French high school students protest Covid-19 risk in class

French high school students protest Covid-19 risk in class
A French gendarme secures the back-to-school day at the Georges Sand high school in Domont, Val d'Oise, on November 2nd. Photo: AFP
Protesting students staged blockades at several high schools across France on Thursday, burning trash cans to press for better coronavirus protection measures in an environment many fear could be fuelling the pandemic's rapid spread.

It was the third day of demonstrations by teenagers at high schools, or lycées, sometimes with the backing of teachers, claiming that “non-existent” anti-infection measures are placing them at risk.

Several hundred students blockaded the lycée of Bourdonnieres in Nantes in western France, holding up traffic outside and burning trash cans, according to police who dispersed the gathering and arrested two people.

 

In a statement on Instagram, a group calling itself the “Bourdonnieres high school movement” denounced “the endangerment of teachers and pupils… with all the mixing in a high school of 2,000 students, notably in the canteen where social distancing is impossible”.

In nearby Saint-Nazare, police had to intervene at the Aristide Briand high school, and in Tours in central France, teenagers blocked access to their school using trash cans and pallets.

“We are 30 in some of our classes and we are afraid of spreading the virus,” one student, who gave his name as Dimitri, told AFP.

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'Not manageable'

In Caen in the north, teachers at the lycée Malherbe walked out as well.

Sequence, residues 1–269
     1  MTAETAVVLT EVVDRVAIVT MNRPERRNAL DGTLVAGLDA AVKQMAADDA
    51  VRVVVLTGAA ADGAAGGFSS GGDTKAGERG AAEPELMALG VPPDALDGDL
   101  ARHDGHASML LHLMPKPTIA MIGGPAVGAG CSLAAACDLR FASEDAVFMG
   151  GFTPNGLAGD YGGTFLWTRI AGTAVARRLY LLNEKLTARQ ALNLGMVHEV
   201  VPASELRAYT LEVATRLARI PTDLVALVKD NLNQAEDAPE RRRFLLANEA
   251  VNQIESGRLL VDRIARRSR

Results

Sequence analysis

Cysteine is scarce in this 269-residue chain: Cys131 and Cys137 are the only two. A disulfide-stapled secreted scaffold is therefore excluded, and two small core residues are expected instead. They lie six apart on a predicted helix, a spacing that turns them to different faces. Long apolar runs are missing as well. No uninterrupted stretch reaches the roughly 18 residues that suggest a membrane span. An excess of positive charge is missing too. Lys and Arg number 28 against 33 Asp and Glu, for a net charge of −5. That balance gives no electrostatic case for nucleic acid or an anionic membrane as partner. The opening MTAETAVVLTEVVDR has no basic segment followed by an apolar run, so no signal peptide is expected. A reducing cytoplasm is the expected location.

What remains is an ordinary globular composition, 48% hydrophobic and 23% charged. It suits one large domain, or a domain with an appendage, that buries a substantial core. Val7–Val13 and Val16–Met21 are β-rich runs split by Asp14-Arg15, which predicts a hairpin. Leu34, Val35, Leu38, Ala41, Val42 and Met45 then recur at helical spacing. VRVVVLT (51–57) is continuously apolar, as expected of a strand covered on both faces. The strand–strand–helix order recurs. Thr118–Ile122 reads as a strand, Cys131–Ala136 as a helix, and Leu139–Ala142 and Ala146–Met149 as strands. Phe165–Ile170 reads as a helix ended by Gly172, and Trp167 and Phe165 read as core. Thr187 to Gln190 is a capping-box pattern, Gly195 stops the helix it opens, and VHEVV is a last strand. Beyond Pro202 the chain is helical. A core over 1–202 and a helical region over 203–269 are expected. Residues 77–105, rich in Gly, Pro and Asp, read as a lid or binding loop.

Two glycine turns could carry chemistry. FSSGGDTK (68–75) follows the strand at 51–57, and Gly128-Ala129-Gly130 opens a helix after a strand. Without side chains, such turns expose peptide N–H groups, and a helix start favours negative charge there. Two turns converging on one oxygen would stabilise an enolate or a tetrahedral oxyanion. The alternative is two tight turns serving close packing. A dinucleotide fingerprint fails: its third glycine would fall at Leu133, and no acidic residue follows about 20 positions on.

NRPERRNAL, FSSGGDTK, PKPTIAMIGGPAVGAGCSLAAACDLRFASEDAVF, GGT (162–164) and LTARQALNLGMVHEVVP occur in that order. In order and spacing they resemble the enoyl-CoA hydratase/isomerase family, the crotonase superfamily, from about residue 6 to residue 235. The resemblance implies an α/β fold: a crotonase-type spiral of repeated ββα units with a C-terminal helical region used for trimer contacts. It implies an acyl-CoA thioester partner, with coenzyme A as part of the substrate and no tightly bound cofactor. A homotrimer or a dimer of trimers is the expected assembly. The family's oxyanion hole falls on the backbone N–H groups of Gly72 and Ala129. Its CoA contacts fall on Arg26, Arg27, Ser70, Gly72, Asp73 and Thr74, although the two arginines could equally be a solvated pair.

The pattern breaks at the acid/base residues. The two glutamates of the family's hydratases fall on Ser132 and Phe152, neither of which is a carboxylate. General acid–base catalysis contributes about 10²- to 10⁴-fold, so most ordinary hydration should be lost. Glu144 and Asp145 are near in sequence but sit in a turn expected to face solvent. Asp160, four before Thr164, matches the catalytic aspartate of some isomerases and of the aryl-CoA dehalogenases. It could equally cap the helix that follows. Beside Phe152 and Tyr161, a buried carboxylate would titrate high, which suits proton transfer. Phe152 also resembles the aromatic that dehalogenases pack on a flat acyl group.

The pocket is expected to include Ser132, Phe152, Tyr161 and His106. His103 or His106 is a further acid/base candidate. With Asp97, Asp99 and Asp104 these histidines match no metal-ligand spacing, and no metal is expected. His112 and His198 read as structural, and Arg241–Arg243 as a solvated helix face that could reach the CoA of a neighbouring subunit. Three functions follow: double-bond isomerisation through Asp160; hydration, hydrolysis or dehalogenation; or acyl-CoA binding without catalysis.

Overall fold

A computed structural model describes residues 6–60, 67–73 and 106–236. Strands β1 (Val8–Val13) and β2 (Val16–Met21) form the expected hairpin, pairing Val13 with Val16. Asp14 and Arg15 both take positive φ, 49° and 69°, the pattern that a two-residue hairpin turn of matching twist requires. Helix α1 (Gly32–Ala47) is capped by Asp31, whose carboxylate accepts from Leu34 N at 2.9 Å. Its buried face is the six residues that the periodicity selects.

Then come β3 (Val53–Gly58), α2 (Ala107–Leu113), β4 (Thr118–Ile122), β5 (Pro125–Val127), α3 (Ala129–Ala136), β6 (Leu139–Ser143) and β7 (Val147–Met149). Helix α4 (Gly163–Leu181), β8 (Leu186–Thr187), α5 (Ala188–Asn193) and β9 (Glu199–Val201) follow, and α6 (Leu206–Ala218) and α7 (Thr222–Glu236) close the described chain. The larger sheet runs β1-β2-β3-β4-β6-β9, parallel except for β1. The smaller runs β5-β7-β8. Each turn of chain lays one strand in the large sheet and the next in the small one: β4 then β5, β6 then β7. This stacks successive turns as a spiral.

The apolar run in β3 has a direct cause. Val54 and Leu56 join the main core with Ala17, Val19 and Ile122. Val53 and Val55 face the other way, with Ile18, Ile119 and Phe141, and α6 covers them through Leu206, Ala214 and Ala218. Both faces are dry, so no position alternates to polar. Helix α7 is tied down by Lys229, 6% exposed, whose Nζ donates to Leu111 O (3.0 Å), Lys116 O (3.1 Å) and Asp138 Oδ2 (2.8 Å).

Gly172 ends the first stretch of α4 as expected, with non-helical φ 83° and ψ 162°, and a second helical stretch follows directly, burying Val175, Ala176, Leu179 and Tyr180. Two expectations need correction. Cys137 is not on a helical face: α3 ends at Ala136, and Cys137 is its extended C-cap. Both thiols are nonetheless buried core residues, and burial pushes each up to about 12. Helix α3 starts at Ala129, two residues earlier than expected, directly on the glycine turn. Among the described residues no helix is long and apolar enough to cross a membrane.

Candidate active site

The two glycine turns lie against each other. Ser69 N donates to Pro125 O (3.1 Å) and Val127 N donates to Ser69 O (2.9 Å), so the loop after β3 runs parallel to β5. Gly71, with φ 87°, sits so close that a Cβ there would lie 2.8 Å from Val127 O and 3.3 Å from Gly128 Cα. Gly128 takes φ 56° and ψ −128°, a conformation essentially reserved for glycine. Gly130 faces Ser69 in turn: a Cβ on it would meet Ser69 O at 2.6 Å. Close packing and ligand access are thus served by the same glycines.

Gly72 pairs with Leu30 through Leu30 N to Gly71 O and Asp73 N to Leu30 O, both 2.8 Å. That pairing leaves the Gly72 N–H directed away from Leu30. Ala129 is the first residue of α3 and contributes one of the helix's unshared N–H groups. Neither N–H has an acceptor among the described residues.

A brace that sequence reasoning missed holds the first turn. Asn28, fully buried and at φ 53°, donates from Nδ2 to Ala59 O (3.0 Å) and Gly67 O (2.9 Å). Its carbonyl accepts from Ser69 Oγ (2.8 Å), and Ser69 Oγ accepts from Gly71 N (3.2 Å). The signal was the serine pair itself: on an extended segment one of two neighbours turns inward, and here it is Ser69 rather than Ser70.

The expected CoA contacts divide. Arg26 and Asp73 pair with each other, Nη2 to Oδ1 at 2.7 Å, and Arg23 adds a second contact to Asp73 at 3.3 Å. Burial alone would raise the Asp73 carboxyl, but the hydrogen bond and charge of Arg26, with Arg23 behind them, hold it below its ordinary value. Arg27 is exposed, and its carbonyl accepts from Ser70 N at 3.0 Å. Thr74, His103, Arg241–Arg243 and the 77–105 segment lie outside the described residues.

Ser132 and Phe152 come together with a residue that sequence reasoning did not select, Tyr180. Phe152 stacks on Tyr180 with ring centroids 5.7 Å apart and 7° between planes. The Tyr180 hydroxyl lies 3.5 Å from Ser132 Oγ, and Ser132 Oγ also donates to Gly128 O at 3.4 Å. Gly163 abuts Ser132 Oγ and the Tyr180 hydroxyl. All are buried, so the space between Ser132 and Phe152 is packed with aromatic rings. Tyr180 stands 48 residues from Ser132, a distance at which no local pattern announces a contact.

“The worry is the canteen. There are 1,900 children eating in the canteen. Outside it's OK, but as soon they enter the corridor, the children queue up one against the other. It's not manageable,” parents' union representative Christophe Lajoie told AFP.

In Paris, four schools were briefly closed in protests that police said ended peacefully.

In the northern suburb Seine Saint-Denis, pupils at the high school Paul Elouard complained about the cost of masks, which they had to change several times a day.

“It's expensive, so that means we're not able to change them every two hours, so obviously there are risks of catching the virus,” Laurie said.

 

Clashes erupted between pupils and police outside the Paul Elouard high school on Wednesday.

French journalist and activist Taha Bouhafs, who has reported on police violence for years, posted several videos featuring accounts of police violence against pupils.

 

There were also demonstrations at high schools on the French island of Corsica, in Seine-et-Marne east of Paris and in Pont-l'Abbe on the west coast.

On Wednesday, a blockade at a school in the capital's northern suburbs resulted in four arrests.

According to Philippe Vincent of the SNPDEN union of school principals, pressure was building in schools still expected to accommodate as many as 35 children per class.

“Wearing a mask is not enough,” he told AFP. “We are not managing to avoid mixing of groups, to respect social distancing, to aerate the classrooms as they should be. We have reached the limit.”

The union has written to the education minister to request splitting classes and welcoming pupils on alternate days for the coming weeks.

The SNES-FSU teacher's union, meanwhile, has called a nationwide strike next Tuesday over the state of affairs.

Paris Mayor Anne Hidalgo asked the national government on Thursday to allow libraries, theatres and gymnasiums left abandoned under a new nationwide lockdown to be used as classrooms to ensure adequate social distancing for pupils and staff.

The role of children in transmitting the coronavirus has been a point of contention among scientists.

Children do not tend to fall ill with the virus themselves, making it hard to track whether they may be responsible for infecting others.

Most schools in dozens of countries were shuttered by governments during lockdowns during the first epidemic wave, but the second time round more are remaining open.


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